Cesar Chavez Charter Schools: Giving school choice an even lousier name

Every week we introduce you to one of life's biggest shmucks. Our latest: the Cesar Chavez Schools network.

Since they began gaining steam in the late-90s, charter schools -- those independent public schools whose freedom from some restrictive education law is supposed to allow them to compete with traditional public schools -- have been hampered by, among other things, a reputation for corruption and ineptitude. While plenty of charter schools float under the radar, with mixed academic results but a mostly unwavering commitment to helping students, each year brings a few more stories about unsavory charter-school operators bilking taxpayers and screwing schoolkids in the process.

This week, another such bad apple dragged school choice through the negative ink: the Colorado-based Cesar Chavez School Network, which just last year opened a campus in Denver.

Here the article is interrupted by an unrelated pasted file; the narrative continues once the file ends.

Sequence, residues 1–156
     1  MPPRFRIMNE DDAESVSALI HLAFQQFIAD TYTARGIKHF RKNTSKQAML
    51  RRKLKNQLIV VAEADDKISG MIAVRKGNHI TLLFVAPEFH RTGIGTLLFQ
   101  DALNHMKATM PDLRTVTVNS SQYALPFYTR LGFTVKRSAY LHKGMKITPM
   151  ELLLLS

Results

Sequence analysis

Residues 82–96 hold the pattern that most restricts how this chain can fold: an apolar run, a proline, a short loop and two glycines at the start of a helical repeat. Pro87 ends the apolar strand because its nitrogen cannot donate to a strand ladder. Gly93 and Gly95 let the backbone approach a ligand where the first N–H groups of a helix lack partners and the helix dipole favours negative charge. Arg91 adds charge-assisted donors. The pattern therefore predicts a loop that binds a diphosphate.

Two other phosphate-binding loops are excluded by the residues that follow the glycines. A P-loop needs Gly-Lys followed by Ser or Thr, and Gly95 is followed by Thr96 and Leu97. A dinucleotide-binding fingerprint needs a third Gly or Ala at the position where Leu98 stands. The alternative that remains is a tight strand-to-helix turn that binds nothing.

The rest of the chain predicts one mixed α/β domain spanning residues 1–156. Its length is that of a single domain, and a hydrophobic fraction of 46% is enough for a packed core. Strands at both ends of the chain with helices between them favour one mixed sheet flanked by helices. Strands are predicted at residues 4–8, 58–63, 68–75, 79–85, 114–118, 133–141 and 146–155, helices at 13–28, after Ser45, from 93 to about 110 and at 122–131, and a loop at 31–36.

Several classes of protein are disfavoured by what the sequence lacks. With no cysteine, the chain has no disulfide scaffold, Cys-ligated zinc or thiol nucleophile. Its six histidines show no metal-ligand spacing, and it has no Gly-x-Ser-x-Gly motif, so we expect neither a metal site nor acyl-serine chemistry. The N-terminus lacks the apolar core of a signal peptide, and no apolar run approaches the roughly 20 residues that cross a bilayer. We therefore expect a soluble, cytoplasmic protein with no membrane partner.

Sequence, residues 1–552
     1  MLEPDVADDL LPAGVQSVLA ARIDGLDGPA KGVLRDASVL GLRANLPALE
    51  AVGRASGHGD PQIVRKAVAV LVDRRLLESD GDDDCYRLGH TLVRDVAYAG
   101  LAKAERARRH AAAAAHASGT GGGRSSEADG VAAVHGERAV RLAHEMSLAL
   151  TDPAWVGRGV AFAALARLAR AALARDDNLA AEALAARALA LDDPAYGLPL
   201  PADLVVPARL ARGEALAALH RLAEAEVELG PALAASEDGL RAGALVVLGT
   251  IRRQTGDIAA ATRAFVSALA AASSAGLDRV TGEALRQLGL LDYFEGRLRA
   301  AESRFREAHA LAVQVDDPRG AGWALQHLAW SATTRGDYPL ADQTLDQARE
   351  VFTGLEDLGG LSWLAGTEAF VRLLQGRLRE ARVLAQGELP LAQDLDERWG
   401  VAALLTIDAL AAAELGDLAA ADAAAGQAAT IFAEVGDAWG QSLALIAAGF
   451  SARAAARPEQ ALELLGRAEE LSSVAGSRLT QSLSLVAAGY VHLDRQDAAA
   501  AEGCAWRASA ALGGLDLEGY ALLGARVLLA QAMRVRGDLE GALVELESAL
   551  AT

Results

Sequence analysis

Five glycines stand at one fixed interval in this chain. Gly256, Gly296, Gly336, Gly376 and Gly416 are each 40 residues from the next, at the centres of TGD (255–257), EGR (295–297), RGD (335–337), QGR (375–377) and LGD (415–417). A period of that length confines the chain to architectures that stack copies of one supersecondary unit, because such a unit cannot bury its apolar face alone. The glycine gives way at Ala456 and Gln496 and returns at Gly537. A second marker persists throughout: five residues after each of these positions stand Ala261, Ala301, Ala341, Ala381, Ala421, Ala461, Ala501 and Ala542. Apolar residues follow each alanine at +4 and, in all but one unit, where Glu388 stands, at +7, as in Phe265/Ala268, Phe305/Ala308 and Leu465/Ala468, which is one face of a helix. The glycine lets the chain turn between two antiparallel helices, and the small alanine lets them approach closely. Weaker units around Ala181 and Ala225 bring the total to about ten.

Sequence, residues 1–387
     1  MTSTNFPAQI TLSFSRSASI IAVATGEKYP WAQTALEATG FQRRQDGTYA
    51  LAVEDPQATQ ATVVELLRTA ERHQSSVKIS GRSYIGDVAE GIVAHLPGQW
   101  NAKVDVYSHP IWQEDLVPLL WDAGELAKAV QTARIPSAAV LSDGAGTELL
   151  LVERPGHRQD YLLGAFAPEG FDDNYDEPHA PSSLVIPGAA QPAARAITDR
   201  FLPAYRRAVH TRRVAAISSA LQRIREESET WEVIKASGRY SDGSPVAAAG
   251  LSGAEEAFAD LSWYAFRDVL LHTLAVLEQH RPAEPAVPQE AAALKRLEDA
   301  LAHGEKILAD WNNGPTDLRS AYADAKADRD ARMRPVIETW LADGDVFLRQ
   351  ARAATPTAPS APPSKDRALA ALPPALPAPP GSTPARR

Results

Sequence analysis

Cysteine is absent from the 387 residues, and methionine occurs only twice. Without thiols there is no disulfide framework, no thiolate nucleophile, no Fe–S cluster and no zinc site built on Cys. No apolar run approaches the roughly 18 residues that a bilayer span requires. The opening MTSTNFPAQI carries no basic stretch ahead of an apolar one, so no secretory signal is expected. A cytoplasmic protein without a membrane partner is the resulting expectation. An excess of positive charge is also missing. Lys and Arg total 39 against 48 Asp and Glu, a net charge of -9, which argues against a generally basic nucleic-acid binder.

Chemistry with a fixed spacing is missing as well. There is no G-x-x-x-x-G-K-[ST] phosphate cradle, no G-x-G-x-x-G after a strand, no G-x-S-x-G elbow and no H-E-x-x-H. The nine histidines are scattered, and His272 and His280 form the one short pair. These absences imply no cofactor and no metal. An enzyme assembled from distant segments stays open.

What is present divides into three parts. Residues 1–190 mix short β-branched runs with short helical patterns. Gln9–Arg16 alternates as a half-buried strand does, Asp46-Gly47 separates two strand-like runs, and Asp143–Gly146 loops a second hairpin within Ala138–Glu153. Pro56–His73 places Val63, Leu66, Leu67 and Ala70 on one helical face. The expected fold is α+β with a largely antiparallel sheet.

According to an audit by a California firm, the network -- which has two schools in Pueblo and one Denver -- is a model of shadiness.

The schools, under founder and former director Lawrence Hernandez, racked up $400,000 in credit card expenditures in a single school year, including more than $130,000 on travel, and used their 26 credit cards to pay for cell phones for the children of school leaders.

And while they charged seemingly every meal they ate in 2008-2009, they probably could have afforded to pick up a check or two: The network's top executives made as much as 200 percent more than the average salary for similar positions, the audit says.

Also -- this is cute -- pretty much everyone Hernandez hired to work at the school was a relative, which would be cool if it was a really smart family, but the audit seems to indicate otherwise.

There are piles of allegations in the report, which you can download yourself. But what it doesn't do is call the leaders of Cesar Chavez Charter Schools what they are: complete and utter shmucks.

Meet more shmucks in our Shmuck of the Week archive.

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